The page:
Friday, April 14, 2006

Shocking Direct

What’s old is news again – especially in direct mail.

The much lauded Halloween Mask Mailers created by illustrator Chris Lockwood and Richard Laurence Baron (me) are hot items again, since Martha Justice, President of The Premier Company, was written up in the Houston Business Journal last week. The
article by Thora Qaddumi talked about a number of creative direct mail formats, which Premier uses and in some cases pioneered.

One of these outstanding ShapeUpTM mask mailers appears above. There’s a ghoul and Frankenstein’s bride too. I had a hard time picking which one to show you hear – not because they aren’t terrific every one; but because they’re largish files. In fact, though you can easily see why Chris is such a superb illustrator, you probably can’t read my equally expert copy.

So e-mail me and I will send you a full set of jpegs…or ask Martha to send you an actual printed set of all four.

Thanks to Chris’s inventiveness, these die-cut mailers are all about capturing the recipients’ attention. Nobody who got the Mask Mailers has forgotten them. Some are still taped to people’s filing cabinets or pinned to managers’ walls all over this part of the world. Martha wanted to take advantage of the fact that the USPS now allows odd shapes to be mailed. Martha let us run with the concept that Halloween masks would be arresting, provocative…and really cool. I even invented the “ShapeUp” brand name for them.

Each mailer’s copy highlighted a specific area of Premier capability. I tuned the headlines to Chris’s amazing Illustrations.

The timing is perfect: what Chris and I created for Premier illustrates the precise point I made in Monday’s post about b-o-o-o-r-r-ing credit card mail packages (see below). The Masks are what creativity can do for direct mail. Anyone who discounts creativity as a driver is making a mistake – or do you want to bore your mail recipients to death?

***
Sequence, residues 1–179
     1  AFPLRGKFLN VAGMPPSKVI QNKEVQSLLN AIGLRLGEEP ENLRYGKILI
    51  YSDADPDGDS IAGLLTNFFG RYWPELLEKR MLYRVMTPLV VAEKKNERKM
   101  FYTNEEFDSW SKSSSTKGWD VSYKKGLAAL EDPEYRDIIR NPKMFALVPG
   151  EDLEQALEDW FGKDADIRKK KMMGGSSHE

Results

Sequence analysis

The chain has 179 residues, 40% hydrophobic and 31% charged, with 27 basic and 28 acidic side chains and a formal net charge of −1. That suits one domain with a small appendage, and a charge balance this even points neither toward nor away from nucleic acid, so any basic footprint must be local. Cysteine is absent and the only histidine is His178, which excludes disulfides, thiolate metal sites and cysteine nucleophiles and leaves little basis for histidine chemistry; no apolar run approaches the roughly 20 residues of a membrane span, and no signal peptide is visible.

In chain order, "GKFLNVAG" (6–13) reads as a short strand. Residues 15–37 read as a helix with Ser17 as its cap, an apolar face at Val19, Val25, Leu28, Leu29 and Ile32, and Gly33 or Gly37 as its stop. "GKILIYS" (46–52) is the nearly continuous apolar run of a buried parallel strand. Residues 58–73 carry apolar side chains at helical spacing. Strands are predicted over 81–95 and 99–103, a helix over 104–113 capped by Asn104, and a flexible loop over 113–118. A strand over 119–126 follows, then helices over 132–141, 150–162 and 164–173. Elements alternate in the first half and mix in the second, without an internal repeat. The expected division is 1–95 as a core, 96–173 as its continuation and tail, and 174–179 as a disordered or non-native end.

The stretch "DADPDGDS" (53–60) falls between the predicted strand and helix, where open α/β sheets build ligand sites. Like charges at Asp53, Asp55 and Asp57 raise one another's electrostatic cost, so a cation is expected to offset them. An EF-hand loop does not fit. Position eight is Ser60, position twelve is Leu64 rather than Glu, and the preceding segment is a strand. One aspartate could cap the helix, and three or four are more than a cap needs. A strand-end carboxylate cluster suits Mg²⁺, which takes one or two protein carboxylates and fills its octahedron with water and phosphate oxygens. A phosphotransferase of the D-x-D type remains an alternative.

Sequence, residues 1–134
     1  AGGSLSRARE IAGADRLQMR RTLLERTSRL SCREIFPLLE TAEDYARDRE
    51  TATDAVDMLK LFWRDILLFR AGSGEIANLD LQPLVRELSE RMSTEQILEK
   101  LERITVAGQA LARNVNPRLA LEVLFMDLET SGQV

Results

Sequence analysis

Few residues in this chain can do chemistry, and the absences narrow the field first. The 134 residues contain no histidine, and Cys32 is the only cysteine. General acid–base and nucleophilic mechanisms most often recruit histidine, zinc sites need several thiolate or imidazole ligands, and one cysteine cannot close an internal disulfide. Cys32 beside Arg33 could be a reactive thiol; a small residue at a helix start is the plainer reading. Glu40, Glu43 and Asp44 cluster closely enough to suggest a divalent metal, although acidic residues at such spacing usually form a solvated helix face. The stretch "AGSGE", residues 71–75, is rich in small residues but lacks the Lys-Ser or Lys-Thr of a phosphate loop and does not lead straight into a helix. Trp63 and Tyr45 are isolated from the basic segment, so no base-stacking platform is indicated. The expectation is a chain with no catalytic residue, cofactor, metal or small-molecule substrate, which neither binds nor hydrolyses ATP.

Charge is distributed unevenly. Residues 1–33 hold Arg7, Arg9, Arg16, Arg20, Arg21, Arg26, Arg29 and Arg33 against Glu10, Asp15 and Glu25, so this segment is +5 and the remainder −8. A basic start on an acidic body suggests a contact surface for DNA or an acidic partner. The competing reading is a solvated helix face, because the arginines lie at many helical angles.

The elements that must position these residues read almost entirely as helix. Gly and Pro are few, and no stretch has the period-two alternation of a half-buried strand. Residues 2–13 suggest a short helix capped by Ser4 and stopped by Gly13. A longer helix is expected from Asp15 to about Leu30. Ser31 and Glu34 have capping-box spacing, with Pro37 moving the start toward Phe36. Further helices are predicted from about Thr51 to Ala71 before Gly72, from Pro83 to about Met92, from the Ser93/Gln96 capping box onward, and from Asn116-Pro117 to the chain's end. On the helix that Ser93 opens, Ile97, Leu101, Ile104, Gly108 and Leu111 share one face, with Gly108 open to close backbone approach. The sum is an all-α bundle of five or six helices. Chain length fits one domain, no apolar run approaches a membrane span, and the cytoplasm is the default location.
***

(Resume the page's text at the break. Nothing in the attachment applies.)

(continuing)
Yes: one banker told me that a 2% response rate to the bank’s direct mail packages made the boring approach difficult to ignore – for the bank. As I said, the numbers are on their side (‘cause 2% of, say, a million pieces is a pretty big number).

Yes: Martha points out that although self-mailers are cheaper to produce, they practically never out-pull envelope-enclosed letter mailings. Golly, what if you combined the horsepower of (say) Lockwood-Baron creativity with your key message? What if you got the recipient to really pay attention to your offer?

I invite someone of you to find out – and measure the results. They could shock the boring right out of your prospects.

Thanks and a tip of the Hatlo hat to Chris Lockwood for the jpg files, and to The Premier Company for printing and mailing the mask series.

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